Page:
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dc.contributor.author Obeng, Samuel Gyasi
dc.date.accessioned 2008-07-28T14:03:13Z
dc.date.available 2008-07-28T14:03:13Z
dc.date.issued 2000
dc.identifier.citation Obeng, Samuel Gyasi. Doing politics: a sociolinguistic analysis of graffiti in Legon (Ghana). Multilingua 19, no.4 (2000): 337-365. en
dc.identifier.uri http://hdl.handle.net/2022/3156
dc.description.abstract Graffiti act as a medium through which political (including socio-political unmentionables are mentioned without the writer attracting any political or social sanctions. Graffiti in Legon (Ghana) have anonymous authors. Through graffiti, people of lower social/political status (students) express their opinions on political actors (people holding public office) and political decision making processes. They also express their anger and frustration about Ghana's political situation. Sequentially, the graffiti consist of stimuli followed by responses. They could therefore be said to constitute discourses with participants taking turns. Syntactically, the sentences are often short, and are of a simple sentence type. Graffiti exhibit all the properties of interaction - turn-taking, repair, opening and closing, adjacency pairs, indirectness, among other features. en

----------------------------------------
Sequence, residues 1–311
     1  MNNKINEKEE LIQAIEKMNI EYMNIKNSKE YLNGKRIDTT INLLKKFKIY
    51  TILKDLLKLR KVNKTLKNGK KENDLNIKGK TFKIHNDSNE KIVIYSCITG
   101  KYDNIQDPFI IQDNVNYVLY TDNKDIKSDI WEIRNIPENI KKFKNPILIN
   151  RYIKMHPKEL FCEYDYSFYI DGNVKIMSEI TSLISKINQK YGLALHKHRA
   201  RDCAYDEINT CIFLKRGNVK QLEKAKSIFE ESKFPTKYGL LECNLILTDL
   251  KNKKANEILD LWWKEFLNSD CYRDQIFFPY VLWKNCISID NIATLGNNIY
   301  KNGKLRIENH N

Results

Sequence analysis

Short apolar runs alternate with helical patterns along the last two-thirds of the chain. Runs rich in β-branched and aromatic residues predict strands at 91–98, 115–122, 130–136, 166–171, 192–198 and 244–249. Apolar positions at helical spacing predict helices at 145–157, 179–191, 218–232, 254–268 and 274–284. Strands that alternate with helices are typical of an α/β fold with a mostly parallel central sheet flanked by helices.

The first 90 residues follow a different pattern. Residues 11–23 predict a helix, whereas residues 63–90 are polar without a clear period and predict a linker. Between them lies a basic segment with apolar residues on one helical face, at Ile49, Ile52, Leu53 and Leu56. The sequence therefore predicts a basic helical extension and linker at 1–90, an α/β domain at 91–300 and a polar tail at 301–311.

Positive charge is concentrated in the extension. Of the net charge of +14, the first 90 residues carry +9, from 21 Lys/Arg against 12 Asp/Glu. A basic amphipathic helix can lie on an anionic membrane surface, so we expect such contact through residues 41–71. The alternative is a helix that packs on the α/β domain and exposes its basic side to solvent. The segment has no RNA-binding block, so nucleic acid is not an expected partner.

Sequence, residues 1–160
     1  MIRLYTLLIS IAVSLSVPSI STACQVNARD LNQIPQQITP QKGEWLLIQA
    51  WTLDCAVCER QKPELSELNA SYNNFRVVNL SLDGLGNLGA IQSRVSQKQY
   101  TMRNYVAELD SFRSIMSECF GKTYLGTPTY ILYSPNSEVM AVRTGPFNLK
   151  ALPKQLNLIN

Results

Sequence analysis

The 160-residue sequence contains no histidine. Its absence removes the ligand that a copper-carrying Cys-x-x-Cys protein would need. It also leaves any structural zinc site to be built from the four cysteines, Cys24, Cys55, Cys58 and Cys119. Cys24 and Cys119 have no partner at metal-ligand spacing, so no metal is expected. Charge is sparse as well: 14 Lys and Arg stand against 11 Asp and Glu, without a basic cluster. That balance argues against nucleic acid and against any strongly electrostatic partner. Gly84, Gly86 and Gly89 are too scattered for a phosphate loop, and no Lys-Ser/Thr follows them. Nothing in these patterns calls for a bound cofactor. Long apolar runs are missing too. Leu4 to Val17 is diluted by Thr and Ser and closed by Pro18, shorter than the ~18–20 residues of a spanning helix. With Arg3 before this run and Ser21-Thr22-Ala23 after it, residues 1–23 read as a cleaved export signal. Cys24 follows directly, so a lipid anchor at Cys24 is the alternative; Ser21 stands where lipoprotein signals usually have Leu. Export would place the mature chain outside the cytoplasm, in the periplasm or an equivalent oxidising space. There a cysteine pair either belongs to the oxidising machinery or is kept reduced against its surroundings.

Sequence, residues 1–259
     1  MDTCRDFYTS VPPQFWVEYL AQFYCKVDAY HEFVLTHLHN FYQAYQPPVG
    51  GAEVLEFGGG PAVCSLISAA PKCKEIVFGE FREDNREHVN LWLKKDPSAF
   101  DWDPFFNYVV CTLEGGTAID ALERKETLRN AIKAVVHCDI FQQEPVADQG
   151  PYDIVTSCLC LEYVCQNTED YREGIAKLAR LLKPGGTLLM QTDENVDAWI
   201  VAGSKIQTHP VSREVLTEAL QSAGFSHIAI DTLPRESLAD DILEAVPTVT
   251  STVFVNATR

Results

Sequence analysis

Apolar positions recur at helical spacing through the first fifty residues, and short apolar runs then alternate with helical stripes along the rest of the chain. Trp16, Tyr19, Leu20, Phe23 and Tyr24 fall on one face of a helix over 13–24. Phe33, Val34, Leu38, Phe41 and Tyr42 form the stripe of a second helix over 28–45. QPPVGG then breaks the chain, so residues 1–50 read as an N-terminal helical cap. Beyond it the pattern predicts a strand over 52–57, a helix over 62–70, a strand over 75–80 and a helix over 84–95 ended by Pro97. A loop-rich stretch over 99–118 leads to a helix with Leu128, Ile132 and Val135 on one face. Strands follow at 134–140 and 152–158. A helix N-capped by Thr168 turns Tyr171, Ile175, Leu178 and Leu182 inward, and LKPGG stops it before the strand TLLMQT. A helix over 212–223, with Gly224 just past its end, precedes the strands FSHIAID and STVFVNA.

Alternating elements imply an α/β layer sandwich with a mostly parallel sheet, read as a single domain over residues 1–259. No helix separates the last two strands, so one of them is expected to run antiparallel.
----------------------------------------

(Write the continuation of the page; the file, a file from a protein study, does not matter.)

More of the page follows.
dc.format.extent 1386824 bytes
dc.format.mimetype application/pdf
dc.language.iso en_US en
dc.publisher Mouton de Gruyter en
dc.rights This material is the copyright of Mouton de Gruyter. Please contact the publisher for information about reuse and reproduction. en
dc.rights.uri http://www.degruyter.com en
dc.subject sociolinguistics en
dc.subject Ghana en
dc.subject political discourse en
dc.subject discourse analysis en
dc.subject popular culture en
dc.subject West Africa en
dc.title Doing politics on walls and doors: a sociolinguistic analysis of graffiti in Legon (Ghana). en
dc.type Article en


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